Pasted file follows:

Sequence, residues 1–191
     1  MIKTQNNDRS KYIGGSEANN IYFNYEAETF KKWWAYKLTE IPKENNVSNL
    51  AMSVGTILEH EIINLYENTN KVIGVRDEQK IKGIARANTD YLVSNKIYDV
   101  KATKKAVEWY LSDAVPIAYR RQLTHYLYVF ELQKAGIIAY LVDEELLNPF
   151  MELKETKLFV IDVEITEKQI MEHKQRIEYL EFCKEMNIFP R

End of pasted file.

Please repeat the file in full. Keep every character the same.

Sequence, residues 1–191
     1  MIKTQNNDRS KYIGGSEANN IYFNYEAETF KKWWAYKLTE IPKENNVSNL
    51  AMSVGTILEH EIINLYENTN KVIGVRDEQK IKGIARANTD YLVSNKIYDV
   101  KATKKAVEWY LSDAVPIAYR RQLTHYLYVF ELQKAGIIAY LVDEELLNPF
   151  MELKETKLFV IDVEITEKQI MEHKQRIEYL EFCKEMNIFP R